Dylana Milobar has been the biggest fish in Kamloops pools for the past few swimming seasons.
As of this morning, she's something of a minnow in the vast world that is the NCAA.
Milobar, 17, leaves today for Bakersfield, Calif., where she will enrol at the California State University campus there. She and her family packed up a camping trailer yesterday for what will be a four-day trip south.
School doesn't start until mid-September, but Milobar felt that joining her teammates when practices open Monday would make a good impression on everyone. Leaving Kamloops early doesn't change how she's feeling, however.
"I'm more excited than anything," says Milobar, who plans to study journalism. "I'm not that nervous because I've already been down there so it's not totally alien to me."
In any case, the first few weeks of life in Bakersfield may feel a little alien to the Valleyview grad. Milobar will be living in a house with teammates before moving into a dormitory when classes start.
There's also the matter of adjusting to life in a new town and a new country. And, because California doesn't issue driver's licences to under-18 drivers, Milobar will be left to ride her bike to get around.
But still, once she's in the pool, she can forget about everything.
"I've been training by myself, just to stay in shape and keep a feel for the water," Milobar says. "When I get down there, the season picks up and we start hard training right away."
One of the hardest parts of leaving Kamloops is leaving her club, the Classics, for which she has toiled since she was six years old. She excelled early, making age group nationals - for the younger swimmers - when she was 12 and cracking the standard for senior nationals in 2012, when she was 16.
Brad Dalke, who, up until age-group nationals in Montreal last month, was Milobar's coach, passed on some wisdom to one of his star students. He also is a major reason why Milobar is where she is.
"He told me to make the most of it and to keep working hard," Milobar says. "He was really supportive - he's the one who suggested I go swim in university."
The life of a competitive swimmer is spent in the pool, doing lap after lap after lap after lap . . .
But Milobar has loved it, and has as many fond memories as she has medals. When asked to describe her proudest moment with the Classics, she spoke of her clubmates.
"Getting as many people qualified for national meets as we did . . . was really cool," Milobar admits. "A few years ago, we were getting 20 kids to provincials. Just last year, we had 20 kids going to nationals."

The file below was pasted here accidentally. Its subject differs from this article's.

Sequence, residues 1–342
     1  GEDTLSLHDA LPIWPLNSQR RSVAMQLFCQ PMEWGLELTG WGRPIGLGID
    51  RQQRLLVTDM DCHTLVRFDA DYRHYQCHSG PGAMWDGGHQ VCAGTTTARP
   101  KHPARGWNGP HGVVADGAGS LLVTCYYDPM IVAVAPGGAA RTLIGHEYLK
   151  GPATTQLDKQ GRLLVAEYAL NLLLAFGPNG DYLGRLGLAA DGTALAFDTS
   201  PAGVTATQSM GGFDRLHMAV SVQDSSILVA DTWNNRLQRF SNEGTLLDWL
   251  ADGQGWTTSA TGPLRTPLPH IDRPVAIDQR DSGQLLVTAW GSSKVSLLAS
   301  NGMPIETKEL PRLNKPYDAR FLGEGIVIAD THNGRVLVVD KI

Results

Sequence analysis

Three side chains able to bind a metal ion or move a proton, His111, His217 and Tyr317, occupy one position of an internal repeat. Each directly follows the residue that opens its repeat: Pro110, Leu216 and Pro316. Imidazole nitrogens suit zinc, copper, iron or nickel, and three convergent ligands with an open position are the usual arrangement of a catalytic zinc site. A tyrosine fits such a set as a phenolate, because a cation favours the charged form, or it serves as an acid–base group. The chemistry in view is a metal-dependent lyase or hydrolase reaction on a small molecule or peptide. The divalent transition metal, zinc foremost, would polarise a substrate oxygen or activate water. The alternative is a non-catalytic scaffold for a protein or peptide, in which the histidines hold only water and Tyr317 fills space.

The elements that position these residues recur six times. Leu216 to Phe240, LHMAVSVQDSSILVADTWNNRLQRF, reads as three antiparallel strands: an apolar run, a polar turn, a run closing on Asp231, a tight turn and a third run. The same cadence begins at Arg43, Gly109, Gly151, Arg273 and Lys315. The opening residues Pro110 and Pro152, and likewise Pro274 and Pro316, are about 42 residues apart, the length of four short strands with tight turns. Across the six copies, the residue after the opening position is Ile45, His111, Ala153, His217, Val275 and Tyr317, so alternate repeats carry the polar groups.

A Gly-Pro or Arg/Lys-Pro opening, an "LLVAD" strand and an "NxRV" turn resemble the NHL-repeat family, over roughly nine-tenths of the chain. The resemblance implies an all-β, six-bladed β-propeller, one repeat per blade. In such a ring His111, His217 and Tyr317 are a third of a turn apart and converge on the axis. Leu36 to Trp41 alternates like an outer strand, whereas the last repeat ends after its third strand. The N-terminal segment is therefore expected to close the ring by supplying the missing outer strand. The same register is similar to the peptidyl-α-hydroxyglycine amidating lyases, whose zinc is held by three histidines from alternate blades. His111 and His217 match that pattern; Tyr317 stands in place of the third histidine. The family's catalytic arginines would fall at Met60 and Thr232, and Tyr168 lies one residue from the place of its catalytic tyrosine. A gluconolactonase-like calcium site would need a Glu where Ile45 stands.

What about all she accomplished?
Did she forget about being named rookie of the meet at the senior national championships in 2012? How about winning enough medals to fill a station wagon? Qualifying for Olympic and world trials as a high-school student?
"I'm super proud of that stuff," she says, "but this is different."
Despite the success, Milobar, who will specialize in breaststroke for the Roadrunners at Bakersfield, fully expects to have her new coach, Chris Hansen, change some things. The Western Athletic Conference season doesn't start until October, but Hansen, in the news release announcing Milobar's signing, stated "Dylana and early signer Sara Christiansen are going to dominate the breast events for us this year."
Milobar is eager to learn, and prepared to work.
"There are a lot things I still have to work on," Milobar says. "My stroke is nowhere near perfect, and I need to work on my walls and turns. I think they'll take some time to evaluate and see what they need to change, and then get into the technique stuff as I build more strength."
All students making the transition after high school face what can be considered a journey, but what lies ahead of Milobar is a journey in more of a literal sense.
She and her parents, Peter and Lianne, and siblings Kayleigh and Ethan will spend much of four days crammed into the family truck, towing a trailer. They'll be spending three nights in it, doing some sightseeing and driving during the days, before arriving in Bakersfield on Saturday.
That isn't a typical teenager's idea of fun - but Dylana is looking forward to one last trip with the family before leaving the nest.
"It's nice - it gives us a little extra time," she says, "and my brother and sister can see the school and everything."